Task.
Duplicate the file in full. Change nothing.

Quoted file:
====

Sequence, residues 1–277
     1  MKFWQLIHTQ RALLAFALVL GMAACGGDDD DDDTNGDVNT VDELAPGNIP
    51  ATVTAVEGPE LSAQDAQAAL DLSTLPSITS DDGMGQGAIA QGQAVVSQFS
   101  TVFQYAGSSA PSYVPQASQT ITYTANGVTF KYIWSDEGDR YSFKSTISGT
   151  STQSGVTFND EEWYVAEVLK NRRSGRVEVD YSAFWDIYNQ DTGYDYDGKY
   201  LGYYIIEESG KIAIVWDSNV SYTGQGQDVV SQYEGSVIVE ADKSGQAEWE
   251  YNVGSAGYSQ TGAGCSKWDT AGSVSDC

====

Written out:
Sequence, residues 1–277
     1  MKFWQLIHTQ RALLAFALVL GMAACGGDDD DDDTNGDVNT VDELAPGNIP
    51  ATVTAVEGPE LSAQDAQAAL DLSTLPSITS DDGMGQGAIA QGQAVVSQFS
   101  TVFQYAGSSA PSYVPQASQT ITYTANGVTF KYIWSDEGDR YSFKSTISGT
   151  STQSGVTFND EEWYVAEVLK NRRSGRVEVD YSAFWDIYNQ DTGYDYDGKY
   201  LGYYIIEESG KIAIVWDSNV SYTGQGQDVV SQYEGSVIVE ADKSGQAEWE
   251  YNVGSAGYSQ TGAGCSKWDT AGSVSDC